Families | Growing Gratitude

How to Plant Seeds That Produce Real Thankfulness

 Within the last several years, I’ve noticed a dramatic surge in all things “natural.”  Have you?


We eat at “farm-to-table” restaurants, we spend time on DIY projects, and we spend more money on “non-GMO” products.  We shop organic, drive electronic and buy local.  


There seems to be a strong resistance to all things processed and manufactured and packaged. And personally, I have both feet planted in the natural camp.  I think most everything in life is healthier, more sustainable and far more rewarding when made by hand or given the time, space and care to grow.


I also believe that the same principles and perspectives apply to the parts of our lives that are not tangible:  our values, personalities, character and dreams.  When I work with families, I often hear parents describe the ways they long for their children to be, and oftentimes that includes being more grateful.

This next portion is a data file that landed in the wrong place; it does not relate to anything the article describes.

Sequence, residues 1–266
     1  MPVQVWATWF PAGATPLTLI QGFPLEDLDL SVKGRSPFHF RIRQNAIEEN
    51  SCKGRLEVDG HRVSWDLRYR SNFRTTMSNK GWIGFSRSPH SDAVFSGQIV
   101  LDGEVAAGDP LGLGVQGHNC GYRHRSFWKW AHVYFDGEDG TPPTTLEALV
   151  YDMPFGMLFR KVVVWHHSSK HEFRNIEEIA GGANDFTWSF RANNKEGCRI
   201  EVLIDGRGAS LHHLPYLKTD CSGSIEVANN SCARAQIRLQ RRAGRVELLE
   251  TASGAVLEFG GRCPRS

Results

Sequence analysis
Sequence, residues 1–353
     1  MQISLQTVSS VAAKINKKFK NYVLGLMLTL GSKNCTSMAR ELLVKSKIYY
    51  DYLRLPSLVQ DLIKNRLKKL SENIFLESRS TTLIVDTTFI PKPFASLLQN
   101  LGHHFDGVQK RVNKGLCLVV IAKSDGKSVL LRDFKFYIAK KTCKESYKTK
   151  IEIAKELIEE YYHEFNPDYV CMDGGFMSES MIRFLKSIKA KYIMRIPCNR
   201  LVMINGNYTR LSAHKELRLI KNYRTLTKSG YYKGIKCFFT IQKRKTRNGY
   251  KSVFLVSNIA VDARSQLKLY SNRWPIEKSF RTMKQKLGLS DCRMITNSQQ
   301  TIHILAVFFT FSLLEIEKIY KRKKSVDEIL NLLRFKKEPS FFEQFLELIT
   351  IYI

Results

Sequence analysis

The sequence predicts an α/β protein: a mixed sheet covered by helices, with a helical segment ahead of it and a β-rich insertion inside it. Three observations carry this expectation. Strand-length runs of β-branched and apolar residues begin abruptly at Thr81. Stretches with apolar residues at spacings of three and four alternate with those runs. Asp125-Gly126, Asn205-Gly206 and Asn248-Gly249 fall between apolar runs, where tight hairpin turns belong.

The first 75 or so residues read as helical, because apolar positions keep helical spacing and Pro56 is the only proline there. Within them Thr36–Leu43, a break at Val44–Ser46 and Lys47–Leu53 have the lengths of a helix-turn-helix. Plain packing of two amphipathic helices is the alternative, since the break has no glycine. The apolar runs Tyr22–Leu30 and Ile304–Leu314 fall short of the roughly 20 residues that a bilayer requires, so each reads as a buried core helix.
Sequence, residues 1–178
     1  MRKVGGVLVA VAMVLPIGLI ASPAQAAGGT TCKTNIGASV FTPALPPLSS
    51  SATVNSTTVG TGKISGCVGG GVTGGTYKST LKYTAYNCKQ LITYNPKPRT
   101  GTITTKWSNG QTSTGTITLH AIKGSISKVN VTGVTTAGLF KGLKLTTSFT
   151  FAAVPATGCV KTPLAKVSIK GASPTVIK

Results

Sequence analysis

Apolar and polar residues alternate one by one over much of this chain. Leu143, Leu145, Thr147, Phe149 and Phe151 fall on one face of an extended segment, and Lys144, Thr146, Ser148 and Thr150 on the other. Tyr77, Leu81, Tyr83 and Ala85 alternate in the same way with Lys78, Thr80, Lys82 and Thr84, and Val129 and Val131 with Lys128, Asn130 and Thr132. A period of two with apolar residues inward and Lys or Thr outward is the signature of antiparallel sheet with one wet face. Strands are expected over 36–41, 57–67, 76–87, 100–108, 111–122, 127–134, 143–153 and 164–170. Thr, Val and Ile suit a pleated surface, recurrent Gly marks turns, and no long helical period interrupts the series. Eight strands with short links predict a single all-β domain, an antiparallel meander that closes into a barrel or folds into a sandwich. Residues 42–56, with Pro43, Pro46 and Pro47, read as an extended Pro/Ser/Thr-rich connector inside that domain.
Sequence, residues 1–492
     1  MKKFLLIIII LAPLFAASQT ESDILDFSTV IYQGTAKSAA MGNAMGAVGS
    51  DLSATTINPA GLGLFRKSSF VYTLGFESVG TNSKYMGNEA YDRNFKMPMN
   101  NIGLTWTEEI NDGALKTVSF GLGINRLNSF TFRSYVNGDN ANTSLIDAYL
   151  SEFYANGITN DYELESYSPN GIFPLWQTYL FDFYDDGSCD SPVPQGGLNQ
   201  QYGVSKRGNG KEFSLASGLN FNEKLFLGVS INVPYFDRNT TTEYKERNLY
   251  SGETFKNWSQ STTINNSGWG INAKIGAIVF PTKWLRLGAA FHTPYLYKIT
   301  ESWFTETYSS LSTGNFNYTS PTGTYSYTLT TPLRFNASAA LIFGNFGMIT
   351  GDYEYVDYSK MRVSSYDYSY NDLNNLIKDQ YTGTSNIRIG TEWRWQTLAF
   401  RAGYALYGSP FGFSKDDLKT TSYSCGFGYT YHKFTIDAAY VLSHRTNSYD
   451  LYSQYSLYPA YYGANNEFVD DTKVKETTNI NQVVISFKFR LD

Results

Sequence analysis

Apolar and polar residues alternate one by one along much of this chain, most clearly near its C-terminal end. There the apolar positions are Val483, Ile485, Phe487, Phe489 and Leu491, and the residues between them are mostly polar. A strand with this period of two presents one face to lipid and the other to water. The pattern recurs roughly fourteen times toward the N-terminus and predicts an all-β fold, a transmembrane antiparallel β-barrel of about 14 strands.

But gratitude isn’t a product to be manufactured; forced thankfulness doesn’t do justice to the giver or the receiver.  Gratitude must be grown.  True appreciation develops over time and becomes a way of life, not only a response after getting a birthday present or a trip to Disneyland.


I think of a few seeds that families could plant, that often grow into real gratitude:


Empathy:  can you have conversations as a family about how different people feel at different times?  About how our actions impact others?  About how the lives we lead are far different than those of others?


Celebration: as a family, could you build in regular times of celebration that go beyond the usual birthdays or holidays? Someone achieving a goal that was a long-time coming, someone doing something brave, someone making a hard decision, etc.


Structure + Discipline:  can your children learn how to say no to some things so they can say yes to others?  To have to wait and endure something challenging to feel grateful when it’s over?


True, genuine gratitude is a way of life – a posture of approaching life with humility and openness, so that when you receive all that life has to offer, the fruit is appreciation.


In this with you,


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